Under the board’s direction, Gonzalez commended the district’s ability to maintain its staffing levels and even to be considering offering staff a pay raise in the next budget cycle.
“That has been a blessing for our district,” he said of predicted budget savings.
MCISD and districts across the state honored board trustees this month in honor of School Board Recognition Month, thanking thousands of board members for their efforts in making tough policy calls in education for their districts.
On Wednesday, MCISD students thanked their board at a reception where the City of Mission also presented a proclamation thanking board members for their service.
To make tough decisions, trustees often take from their professional lives to help guide the district.
Trustee Patty O’Caña-Olivarez is an attorney and certified mediator that explained she utilizes law school lessons to make choices for MCISD.
“We are taught to do analytical thinking and look at both sides,” she said. “We have to look at the pros and cons, because there’s always two sides to every story.”
For O’Caña-Olivarez, who has been a trustee since 2008, issues like selecting health insurance premiums could have been confusing without Olivarez’s experience as a pharmacist.
“I would’ve never known some of this had James not brought it up,” she said. “It’s a tremendous asset. We all bring something to the table.”
Likewise, Iglesias, a contractor, uses his day-to-day skills to keep a close eye on the district’s construction efforts.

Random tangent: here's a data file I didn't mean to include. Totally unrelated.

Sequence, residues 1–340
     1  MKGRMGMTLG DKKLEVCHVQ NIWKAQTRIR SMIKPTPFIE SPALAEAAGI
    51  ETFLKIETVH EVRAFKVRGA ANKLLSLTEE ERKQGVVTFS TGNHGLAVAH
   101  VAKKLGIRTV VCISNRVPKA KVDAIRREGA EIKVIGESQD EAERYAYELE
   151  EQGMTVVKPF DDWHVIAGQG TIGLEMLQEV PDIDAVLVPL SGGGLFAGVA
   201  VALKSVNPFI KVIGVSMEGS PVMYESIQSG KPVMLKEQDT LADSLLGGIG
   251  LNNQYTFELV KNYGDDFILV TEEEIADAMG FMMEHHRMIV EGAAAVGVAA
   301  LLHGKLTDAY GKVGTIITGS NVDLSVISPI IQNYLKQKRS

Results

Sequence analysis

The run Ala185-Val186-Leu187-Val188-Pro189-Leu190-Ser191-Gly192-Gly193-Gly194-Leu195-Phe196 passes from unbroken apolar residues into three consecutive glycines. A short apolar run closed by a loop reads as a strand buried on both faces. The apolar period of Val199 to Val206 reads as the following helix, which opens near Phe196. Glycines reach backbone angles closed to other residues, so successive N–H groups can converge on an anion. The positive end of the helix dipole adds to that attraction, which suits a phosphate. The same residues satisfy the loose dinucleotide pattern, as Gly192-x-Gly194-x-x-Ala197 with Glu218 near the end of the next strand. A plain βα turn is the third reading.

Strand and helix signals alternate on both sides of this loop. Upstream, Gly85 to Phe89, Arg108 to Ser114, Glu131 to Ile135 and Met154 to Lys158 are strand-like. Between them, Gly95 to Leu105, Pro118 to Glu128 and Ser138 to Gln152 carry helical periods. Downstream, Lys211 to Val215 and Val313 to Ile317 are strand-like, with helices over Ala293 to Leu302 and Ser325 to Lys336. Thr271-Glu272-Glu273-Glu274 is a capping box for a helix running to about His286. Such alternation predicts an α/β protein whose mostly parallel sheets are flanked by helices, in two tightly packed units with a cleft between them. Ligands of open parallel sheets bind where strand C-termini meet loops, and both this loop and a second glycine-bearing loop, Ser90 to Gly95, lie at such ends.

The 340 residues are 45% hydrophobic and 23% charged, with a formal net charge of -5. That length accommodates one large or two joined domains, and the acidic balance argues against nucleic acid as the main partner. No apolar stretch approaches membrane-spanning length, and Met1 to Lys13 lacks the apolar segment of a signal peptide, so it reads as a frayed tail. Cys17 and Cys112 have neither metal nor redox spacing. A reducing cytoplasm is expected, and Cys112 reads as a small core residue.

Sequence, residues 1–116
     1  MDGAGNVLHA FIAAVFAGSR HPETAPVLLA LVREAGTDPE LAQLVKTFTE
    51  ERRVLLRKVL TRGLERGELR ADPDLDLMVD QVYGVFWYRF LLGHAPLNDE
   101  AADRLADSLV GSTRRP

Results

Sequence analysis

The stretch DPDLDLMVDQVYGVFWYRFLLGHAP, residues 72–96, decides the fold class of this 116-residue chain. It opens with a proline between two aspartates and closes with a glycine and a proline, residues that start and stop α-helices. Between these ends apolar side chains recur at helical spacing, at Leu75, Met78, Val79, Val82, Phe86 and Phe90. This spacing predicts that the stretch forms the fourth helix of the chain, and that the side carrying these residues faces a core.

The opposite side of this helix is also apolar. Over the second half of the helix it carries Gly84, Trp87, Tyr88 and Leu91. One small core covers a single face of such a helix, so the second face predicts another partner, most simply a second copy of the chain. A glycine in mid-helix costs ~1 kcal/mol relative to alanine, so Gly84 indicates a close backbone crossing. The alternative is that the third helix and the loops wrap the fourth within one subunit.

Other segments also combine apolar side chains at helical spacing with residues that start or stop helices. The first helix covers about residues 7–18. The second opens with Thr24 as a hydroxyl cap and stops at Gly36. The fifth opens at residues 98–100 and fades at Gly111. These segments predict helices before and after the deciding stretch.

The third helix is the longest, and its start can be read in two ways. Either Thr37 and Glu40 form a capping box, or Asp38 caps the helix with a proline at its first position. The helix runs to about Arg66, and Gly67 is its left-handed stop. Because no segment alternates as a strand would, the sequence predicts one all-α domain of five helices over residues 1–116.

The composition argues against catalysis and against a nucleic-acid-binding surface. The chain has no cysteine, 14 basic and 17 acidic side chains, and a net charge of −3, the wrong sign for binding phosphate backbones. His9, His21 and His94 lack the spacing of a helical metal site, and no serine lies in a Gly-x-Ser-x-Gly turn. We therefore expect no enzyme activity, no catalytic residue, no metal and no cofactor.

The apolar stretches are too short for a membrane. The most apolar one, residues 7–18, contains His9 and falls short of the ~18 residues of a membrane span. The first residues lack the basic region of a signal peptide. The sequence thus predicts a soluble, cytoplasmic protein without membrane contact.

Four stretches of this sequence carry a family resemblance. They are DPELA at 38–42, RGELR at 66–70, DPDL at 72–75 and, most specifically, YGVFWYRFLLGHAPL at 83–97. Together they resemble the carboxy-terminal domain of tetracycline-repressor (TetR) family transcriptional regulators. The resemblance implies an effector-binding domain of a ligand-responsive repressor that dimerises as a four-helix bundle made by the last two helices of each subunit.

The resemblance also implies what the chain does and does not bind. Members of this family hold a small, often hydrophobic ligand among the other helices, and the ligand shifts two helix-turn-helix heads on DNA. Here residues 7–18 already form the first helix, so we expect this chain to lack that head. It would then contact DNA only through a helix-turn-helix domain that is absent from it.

“My contribution to the board is on the construction side, probably the biggest as far as money goes,” he said. “That’s what makes us so great. I may not know a lot about something that another board member does and we help each other understand issues.”
Trustee Oscar Martinez, who was formally a coach and educator for 10 years, said his experience in the classroom helps him ask the right questions of administrators when it comes to the education of MCISD students.
“The most important thing is our kids,” Martinez said who will complete his ninth year on the board in May. “These decisions are decisions we have on a yearly basis, and I want myself to make sure it’s the right decision for the district, the students and the taxpayer.”
Bazaldua, who will complete her fourth year on the board this year, said her biggest concern as a trustee is student achievement. As a small business owner, she said she dedicates her ideals on how the district can help foster student development.
“And hopefully one day they’ll come back and serve our community,” she said. “That’s what we’re about. We come down and sit down and make decisions and we have one thing in mind: it’s our children. It’s not about anybody else.”
Longoria, a board member for nearly eight years, admitted the board does have its disagreements on different issues, but explained that their ability to work together despite any disparity makes them effective.
“We truly are a unique board compared to neighboring towns,” he said. “Everybody puts in a little bit of their knowledge and it works.”blog comments powered by Disqus